Yet the only foreign engagement that has entered the popular non-Canadian imagination was the sorry affair in Somalia, in which out-of-control paratroopers murdered two Somali infiltrators. Their regiment was then disbanded in disgrace -- a uniquely Canadian act of self-abasement for which, naturally, the Canadians received no international credit.

So who today in the United States knows about the stoic and selfless friendship its northern neighbour has given it in Afghanistan?

Rather like Cyrano de Bergerac, Canada repeatedly does honourable things for honourable motives, but instead of being thanked for it, it remains something of a figure of fun.

It is the Canadian way, for which Canadians should be proud, yet such honour comes at a high cost.

This week, four more grieving Canadian families knew that cost all too tragically well.

Kevin Myers is an Irish journalist and commentator, who currently writes for the Irish Independent. He is a former contributor to The Irish Times newspaper, where he wrote the An Irishman's Diary column several times weekly. Until 2005, he also wrote for the Sunday Telegraph in the UK.

True Canadian Heroes in the Air

These two selections are from the book "True Canadian Heroes in the Air" written by Arthur Bishop, son of WW I ace William Avery "Billy" Bishop, with a Foreward by Lt. Gen. Sutherland.

  "During the First World War 22,811 Canadians served with the British air service and one Canadian served with the French air service; 1,563 of them gave their lives."
  "In that conflict the top four Canadian air aces accounted for a total of 230 enemy planes shot down, more than any similar group among the Allied nations. By the end of that war, one third of those in uniform with the Royal Air Force (an amalgamation of the Royal Flying Corps and the Royal Naval Air Service) were Canadian."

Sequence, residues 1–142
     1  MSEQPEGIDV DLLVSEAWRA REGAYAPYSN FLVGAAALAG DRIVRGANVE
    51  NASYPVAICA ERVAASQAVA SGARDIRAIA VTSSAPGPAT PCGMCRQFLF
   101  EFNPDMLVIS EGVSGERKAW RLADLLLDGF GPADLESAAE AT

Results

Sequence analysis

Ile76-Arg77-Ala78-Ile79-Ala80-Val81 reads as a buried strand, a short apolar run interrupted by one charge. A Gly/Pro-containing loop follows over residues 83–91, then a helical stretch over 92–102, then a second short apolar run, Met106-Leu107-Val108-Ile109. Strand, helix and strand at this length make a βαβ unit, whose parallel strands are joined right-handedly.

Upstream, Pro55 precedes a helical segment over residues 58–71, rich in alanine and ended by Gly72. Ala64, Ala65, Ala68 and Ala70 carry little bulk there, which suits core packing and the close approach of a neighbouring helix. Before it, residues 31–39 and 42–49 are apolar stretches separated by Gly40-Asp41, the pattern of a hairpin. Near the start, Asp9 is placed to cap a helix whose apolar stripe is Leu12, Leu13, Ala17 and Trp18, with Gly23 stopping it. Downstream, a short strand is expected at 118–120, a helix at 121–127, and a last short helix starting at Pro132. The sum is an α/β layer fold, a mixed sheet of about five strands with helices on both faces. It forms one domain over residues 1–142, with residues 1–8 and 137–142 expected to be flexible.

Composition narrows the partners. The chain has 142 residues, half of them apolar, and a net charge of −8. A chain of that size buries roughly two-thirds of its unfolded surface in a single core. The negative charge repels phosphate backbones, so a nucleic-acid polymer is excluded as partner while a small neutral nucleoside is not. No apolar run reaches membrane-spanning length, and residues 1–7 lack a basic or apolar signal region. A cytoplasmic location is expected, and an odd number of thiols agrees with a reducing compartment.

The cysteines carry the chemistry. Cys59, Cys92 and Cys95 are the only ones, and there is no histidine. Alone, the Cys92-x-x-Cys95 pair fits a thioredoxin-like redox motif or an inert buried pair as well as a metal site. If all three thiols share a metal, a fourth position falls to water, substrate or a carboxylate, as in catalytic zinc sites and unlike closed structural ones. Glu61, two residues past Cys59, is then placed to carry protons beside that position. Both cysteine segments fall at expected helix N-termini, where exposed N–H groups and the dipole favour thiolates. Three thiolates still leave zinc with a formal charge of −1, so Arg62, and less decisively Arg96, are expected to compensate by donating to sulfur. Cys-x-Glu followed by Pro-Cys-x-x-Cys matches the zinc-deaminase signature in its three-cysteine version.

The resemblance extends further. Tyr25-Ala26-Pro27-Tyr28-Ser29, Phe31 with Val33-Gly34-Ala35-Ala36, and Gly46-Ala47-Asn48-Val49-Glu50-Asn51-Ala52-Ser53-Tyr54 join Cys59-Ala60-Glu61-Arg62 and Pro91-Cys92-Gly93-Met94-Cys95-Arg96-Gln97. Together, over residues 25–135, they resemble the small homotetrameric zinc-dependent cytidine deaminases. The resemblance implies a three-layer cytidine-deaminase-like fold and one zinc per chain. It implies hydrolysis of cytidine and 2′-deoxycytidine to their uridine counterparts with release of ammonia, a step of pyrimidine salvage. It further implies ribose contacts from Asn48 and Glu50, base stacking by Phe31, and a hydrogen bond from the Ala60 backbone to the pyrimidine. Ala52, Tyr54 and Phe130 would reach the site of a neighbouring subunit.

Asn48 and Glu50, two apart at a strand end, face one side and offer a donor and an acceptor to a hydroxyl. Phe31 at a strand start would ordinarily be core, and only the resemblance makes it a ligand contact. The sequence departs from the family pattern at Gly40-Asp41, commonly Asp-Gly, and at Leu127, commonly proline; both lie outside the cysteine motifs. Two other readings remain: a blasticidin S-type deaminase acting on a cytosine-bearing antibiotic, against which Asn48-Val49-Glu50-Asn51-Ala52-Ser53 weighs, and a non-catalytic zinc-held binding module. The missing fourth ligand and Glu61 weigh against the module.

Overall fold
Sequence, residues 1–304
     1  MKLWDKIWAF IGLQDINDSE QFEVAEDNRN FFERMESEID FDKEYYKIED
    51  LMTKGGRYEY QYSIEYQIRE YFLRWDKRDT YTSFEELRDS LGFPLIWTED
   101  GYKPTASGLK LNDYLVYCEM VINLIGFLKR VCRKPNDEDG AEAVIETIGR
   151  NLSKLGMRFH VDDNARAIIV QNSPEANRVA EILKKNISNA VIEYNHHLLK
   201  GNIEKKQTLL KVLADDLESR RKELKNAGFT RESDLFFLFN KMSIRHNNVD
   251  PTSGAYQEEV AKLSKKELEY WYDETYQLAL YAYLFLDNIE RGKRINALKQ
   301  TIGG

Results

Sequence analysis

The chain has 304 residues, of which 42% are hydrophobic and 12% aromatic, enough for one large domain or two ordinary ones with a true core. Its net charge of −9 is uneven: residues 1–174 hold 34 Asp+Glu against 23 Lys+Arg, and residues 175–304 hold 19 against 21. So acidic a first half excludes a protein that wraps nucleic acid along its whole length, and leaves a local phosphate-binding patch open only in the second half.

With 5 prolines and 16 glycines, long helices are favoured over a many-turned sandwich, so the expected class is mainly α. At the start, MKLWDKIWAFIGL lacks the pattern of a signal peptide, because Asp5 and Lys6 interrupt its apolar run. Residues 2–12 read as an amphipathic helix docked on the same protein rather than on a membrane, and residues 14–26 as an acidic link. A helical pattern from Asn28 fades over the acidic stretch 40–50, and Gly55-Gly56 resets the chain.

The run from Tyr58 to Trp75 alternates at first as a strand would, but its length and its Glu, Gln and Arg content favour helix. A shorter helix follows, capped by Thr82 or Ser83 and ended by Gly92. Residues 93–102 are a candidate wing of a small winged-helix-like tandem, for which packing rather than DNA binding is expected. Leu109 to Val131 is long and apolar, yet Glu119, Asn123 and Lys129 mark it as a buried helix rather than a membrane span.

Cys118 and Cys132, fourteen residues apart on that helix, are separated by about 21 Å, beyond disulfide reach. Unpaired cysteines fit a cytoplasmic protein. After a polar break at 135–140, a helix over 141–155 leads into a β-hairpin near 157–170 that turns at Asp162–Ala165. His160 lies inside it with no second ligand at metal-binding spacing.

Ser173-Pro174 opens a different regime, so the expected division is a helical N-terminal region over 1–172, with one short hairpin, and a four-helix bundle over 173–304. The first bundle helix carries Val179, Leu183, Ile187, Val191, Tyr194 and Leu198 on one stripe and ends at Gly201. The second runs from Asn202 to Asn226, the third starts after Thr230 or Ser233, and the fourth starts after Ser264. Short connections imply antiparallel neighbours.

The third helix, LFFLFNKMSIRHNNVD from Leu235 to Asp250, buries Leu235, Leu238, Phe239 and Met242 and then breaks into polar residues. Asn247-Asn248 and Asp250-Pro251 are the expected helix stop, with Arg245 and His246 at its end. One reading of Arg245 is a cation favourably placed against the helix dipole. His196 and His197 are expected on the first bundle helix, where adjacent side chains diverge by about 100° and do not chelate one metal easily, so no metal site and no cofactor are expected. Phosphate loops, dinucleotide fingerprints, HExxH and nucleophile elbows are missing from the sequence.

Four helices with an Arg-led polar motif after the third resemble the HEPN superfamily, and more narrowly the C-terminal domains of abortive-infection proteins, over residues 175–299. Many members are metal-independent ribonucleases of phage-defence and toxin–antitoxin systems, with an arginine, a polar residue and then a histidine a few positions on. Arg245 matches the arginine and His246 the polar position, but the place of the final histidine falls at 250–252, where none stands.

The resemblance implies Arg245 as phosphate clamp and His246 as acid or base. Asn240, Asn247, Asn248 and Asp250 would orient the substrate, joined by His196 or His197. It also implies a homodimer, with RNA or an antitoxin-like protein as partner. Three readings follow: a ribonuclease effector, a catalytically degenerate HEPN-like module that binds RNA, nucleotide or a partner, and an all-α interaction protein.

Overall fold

"In her brief military history Canada's principal contribution to the cause of freedom was the British Commonwealth Air Training Plan during World War II. During the period of 1939-45 this vast university of the air produced an arsenal of trained air crews from Australia, Britain and New Zealand, as well as from Canada herself. It inspired President Roosevelt to praise the Dominion as the 'aerodrome of democracy'."
  "The Royal Canadian Air Force (formed in 1924), which at the outbreak of hostilities numbered a mere 4,000 officers and men, grew to 249,662 men and women of all ranks to become the fourth largest air force in the world. In five years it trained a total of 131,553 aircrews - pilots, observers, navigators, gunners. wireless operators, flight engineers - from the Commonwealth as well as from some occupied countries. That aside, the RCAF posted a combat record of 38 squadrons that served overseas and another 28,500 Canadian airmen who served with the Royal Air Force. This is an impressive accomplishment even for a country that in two world wars produced more warriors per capita than any other nation."

Arthur Bishop

 "Canadians can take deserved pride in their reputation as the great peacekeepers of the twentieth century, and Canada's commitment to that noble pursuit remains second to none. But no nation which considers itself a keeper of the peace can command respect from other members of the world community without a demonstrable and commensurate will to bear arms to make or regain the peace if no other alternative exists.  Several times in the 20th century, as a last resort, Canada has reluctantly but resolvedly gone to war in the name of freedom and humanity. In each instance, most recently in the Persian Gulf, Canadians have served with distinction and have contributed significantly to the successful resolution of aggression."

F. R. Sutherland, CMM, CD
Former Vice Chief of the Defence Staff